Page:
STEVE GADD PARADIDDLE

18 August 2008

Way back in the day, I noticed the name Steve Gadd among the credits listings on far too many of my LP records.

The name Steve Gadd seemed to be everywhere, man.  He began to achieve legendary status (with me and my muckers anyways) for his work on Steely Dan’s “Aja”.

The other thing he may be bestest known for is Paul Simon’s “50 ways to leave your lover” which is for girls, but we forgive Gadd, for he has to earn a crust same as us all.

Anyhoo, here’s an interesting link to Steve Gadd doing what-made-him-famous — courtesy of YouTube.com.  Check it out, man — isn’t that kool?

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You know what is sooo good about the clip is that you get it all over again halfways through, but in s-l-o-w motion — and that is really what drives home what is going on – what he’s doing.  Pretty enlightening, but if (like me) you craved more information, why not check out the reply posted on YouTube by “Prof” Jeff Indyke, where he teaches the Steve Gadd paradiddle — informative AND entertaining.

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Here is Steve Gadd himself playing “50 ways”:

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Oh! and amazingly, I came across a RECENT videoclip — just uploaded in July (2008) where Steve shows the drum fills he used in “Aja” — no kidding!  Ain’t Youtube the dawgz?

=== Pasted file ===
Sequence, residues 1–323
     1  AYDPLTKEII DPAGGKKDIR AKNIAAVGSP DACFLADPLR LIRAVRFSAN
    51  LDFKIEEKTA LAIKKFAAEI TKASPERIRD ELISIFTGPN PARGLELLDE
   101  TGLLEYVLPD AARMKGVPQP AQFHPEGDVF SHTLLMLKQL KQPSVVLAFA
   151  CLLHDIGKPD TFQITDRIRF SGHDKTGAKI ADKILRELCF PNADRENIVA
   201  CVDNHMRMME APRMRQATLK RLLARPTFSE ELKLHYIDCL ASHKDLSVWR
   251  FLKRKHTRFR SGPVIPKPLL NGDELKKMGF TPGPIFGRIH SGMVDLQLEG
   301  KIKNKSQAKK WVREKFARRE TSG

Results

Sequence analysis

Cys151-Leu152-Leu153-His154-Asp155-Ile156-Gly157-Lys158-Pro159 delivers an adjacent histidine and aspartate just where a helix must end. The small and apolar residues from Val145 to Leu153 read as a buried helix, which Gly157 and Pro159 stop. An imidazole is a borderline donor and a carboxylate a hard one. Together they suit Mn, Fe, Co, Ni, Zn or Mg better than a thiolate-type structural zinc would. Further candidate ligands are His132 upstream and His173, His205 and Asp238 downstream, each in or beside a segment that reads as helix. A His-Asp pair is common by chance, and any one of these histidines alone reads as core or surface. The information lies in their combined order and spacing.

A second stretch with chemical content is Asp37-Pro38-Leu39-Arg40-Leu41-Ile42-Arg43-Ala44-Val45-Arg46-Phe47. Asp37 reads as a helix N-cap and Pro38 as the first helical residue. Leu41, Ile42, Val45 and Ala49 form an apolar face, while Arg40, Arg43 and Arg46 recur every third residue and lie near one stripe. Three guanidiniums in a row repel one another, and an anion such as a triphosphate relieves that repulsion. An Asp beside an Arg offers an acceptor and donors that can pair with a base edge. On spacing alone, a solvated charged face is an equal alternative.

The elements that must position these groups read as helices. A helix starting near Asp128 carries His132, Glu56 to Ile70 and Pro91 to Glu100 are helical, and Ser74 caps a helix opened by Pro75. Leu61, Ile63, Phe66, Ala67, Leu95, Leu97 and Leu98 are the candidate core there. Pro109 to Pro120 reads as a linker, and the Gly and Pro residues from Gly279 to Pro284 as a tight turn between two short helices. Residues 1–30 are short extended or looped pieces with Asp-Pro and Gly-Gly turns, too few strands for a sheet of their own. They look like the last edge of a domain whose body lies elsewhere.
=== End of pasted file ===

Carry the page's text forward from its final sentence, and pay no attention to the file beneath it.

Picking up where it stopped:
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I have always clicked with Steve Gadd’s work; it’s free, but still tight and he’s always interesting.  I guess the thing I admire most about Steve Gadd is that he gets away with doing what he does almost unnoticed!  Let’s face it, much of the work on “Aja” is a drum solo, yet people don’t even think of it that way!

In “Aja” and in “50 ways” you see the side of Gadd that pushes the drums into a new place — somewhere kinda equal to the other instruments, do you know what I mean? it’s no longer merely a beat or percussive feature, but as strong in the memory of the piece as the melody.  I would guess that most folk who know the song would recognise “50 ways” as soon as Gadd’s drum line is heard!

The drum lines in these tunes are intrinsic — without the Steve Gadd drum lines, these tunes would be radically altered (and much lessened).  The drumming is very much part and parcel of the tune and the arrangement, and in that respect Gadd was part of that movement from the late 1970s to elevate drumming to new heights.

In that, he was probably in the same movement (for want of a better word) as the likes of Billy Cobham, Lenny White, and Bill Bruford.

Anyway, I hope you enjoyed these clips of a truly great musician as much as I did.

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2 Responses to “STEVE GADD PARADIDDLE”


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  2. […] STEVE GADD PARADIDDLE […]


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